"There is no coup," Zeidan said in a speech aired on the Libyan television on Friday.
"There will be no return to the era of coups," he said.
Military commander Maj. Gen. Khalifa Haftar earlier claimed that his forces have seized control of several military and vital sites in the country.
Haftar alleged that his forces have suspended the General National Congress (interim parliament) and the government.
But Zeidan insisted that Libyan security agencies are in full control of the situation on the ground.
He went on to say that he has given orders to the Defense Ministry to "take all necessary measures" against Haftar, calling for public support for the government and GNC "to cruise the country to safety".
Libya has fallen into a political crisis since the GNC voted to extend by one year both its mandate and the country's transitional period, which followed the fall of Muammar Gaddafi in late 2011.
Under an original timetable for transition, parliament should have elected a constituent assembly, drafted a constitution, and put the draft charter to a popular referendum before holding parliamentary polls sometime before February.
The new GNC-endorsed timetable, however, stipulates that a constituent assembly be elected by February and a new constitution drafted by July, to be put to a vote by August. Parliamentary elections should be held by December, according to the new timeline.
The twin extensions have been met by anger on the part of many Libyans, who have called for protests aimed at pressuring parliament to reverse the move.
FORMER ALLY OF GADDAFI
Khalifa Haftar was once a confidant of Muammar Gaddafi and then his sworn enemy, he led a band of Libyan exiles trying to overthrow the Libyan regime before being spirited in secrecy to the United States when things went bad.
Haftar has lived in Virginia for 20 years but he turned back in Libya.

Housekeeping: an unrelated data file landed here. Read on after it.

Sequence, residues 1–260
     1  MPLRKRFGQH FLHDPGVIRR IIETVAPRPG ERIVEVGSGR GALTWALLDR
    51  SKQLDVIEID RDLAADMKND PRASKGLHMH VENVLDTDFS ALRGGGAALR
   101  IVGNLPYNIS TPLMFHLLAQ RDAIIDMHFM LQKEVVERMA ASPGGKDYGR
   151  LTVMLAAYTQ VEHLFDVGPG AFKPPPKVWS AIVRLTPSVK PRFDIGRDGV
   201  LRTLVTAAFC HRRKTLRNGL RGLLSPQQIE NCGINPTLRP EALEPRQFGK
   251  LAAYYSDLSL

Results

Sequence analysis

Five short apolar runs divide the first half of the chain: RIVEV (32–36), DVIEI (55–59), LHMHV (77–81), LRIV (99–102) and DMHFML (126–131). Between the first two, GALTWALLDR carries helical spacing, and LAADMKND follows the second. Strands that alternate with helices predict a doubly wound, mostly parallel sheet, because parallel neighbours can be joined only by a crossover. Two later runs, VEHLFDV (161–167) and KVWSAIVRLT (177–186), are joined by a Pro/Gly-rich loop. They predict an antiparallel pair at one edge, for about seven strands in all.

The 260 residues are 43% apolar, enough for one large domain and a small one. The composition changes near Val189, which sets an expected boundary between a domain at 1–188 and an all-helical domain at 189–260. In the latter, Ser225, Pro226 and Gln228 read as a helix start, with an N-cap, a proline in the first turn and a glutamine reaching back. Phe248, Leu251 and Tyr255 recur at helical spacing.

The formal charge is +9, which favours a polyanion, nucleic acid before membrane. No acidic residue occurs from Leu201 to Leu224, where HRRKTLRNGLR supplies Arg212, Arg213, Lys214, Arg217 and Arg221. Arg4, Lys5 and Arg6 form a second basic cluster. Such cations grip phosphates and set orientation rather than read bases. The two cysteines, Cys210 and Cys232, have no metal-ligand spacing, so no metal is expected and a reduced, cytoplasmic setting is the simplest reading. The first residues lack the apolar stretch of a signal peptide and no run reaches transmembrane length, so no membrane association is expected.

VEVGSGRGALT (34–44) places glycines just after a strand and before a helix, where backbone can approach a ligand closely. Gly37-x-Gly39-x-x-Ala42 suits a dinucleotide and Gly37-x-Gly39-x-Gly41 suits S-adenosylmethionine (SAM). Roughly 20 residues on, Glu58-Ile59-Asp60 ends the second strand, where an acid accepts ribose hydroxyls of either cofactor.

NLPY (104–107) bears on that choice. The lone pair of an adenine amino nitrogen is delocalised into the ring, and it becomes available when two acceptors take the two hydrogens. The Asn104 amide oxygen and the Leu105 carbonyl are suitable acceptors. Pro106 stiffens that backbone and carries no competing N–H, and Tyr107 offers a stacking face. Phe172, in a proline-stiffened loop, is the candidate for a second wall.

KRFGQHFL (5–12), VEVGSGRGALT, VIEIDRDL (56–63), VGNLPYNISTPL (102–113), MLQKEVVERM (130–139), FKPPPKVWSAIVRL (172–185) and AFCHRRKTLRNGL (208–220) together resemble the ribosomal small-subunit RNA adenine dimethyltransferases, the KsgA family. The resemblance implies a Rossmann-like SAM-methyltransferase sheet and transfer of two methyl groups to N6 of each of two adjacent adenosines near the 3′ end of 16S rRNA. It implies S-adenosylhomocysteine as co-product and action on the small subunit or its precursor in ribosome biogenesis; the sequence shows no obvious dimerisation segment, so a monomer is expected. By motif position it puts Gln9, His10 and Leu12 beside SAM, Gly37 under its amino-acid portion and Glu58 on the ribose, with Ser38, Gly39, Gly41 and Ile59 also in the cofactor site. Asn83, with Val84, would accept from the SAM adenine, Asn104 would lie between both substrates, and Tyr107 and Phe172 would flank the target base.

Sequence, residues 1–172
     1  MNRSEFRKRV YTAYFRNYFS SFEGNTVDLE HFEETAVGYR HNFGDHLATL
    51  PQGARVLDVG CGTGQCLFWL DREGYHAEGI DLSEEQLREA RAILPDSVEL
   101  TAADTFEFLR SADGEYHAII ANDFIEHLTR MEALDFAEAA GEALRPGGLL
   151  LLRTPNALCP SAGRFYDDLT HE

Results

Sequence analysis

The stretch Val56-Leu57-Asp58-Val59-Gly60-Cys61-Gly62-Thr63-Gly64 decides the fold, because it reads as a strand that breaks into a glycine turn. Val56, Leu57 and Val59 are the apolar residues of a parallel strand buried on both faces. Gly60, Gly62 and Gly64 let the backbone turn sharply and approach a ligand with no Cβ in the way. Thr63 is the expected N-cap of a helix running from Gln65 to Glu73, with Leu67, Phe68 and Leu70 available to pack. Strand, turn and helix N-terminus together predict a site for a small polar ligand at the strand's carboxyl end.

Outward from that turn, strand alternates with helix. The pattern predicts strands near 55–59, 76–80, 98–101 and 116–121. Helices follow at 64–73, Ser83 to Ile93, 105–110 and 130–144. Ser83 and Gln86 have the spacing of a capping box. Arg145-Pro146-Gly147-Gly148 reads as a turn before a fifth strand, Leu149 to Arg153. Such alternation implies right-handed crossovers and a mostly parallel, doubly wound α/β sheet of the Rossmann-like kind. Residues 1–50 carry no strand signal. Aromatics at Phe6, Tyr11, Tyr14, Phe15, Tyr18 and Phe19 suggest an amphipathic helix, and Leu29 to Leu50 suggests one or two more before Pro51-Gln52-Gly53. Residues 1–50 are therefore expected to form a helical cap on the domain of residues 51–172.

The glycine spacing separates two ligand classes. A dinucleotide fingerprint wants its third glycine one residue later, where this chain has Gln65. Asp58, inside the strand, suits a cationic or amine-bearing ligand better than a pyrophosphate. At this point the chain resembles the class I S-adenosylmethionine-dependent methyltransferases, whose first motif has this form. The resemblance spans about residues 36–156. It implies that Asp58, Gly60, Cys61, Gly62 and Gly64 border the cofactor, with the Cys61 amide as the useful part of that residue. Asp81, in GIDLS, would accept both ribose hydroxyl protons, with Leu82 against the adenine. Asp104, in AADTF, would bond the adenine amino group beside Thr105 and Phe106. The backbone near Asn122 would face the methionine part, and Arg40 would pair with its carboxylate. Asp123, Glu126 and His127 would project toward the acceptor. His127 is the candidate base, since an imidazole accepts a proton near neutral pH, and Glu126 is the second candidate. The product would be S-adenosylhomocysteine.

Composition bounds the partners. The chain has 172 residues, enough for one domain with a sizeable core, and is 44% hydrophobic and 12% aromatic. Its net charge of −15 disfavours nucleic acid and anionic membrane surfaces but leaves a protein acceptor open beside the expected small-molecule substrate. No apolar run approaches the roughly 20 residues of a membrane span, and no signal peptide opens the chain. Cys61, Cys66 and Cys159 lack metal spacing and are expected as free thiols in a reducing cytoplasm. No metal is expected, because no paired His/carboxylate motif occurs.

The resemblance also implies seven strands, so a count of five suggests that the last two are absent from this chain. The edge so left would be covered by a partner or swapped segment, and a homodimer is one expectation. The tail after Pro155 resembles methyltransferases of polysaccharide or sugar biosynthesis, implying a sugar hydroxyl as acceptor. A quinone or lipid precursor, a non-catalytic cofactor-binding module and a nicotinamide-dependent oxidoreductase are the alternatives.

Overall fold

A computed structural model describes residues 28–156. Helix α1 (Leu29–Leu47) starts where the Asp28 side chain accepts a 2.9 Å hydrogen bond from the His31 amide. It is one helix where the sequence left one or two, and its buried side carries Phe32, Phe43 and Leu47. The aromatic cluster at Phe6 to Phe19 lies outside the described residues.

The former Libyan ambassador in Washington, Ali Aujali, described Haftar as "a very professional military man."
Haftar and Gaddafi first found common cause in 1969, when Haftar, as a military cadet, supported the coup that removed King Idris. He was rewarded with a position on the Revolutionary Command Council.
His subsequent ascent through the military ranks was rapid.
Haftar was captured by the Chadians at the battle of Wadi Doum in 1987, along with several hundred Libyan soldiers. Gaddafi refused to acknowledge the existence of Libyan POWs and said he knew no one called Haftar.
Haftar and several hundred former Libyan soldiers trained at a base outside the Chadian capital, N'djamena, as the Libyan National Army - the military wing of the opposition Libyan National Salvation Front.
"AMERICANS KNOW HIM VERY WELL"
Several Libyan exiles and a former CIA officer said that the United States was involved. Former Libyan envoy Aujali would not be drawn out on whether the CIA was the paymaster, but said, "The Americans knew him very, very well."
He added: "I think working for the CIA for the sake of your national interest is nothing to be ashamed of."
After unrest flared in Libya, Haftar received many calls appealing for him to return. On March 14, he arrived in Benghazi to take charge of the rebels' military campaign.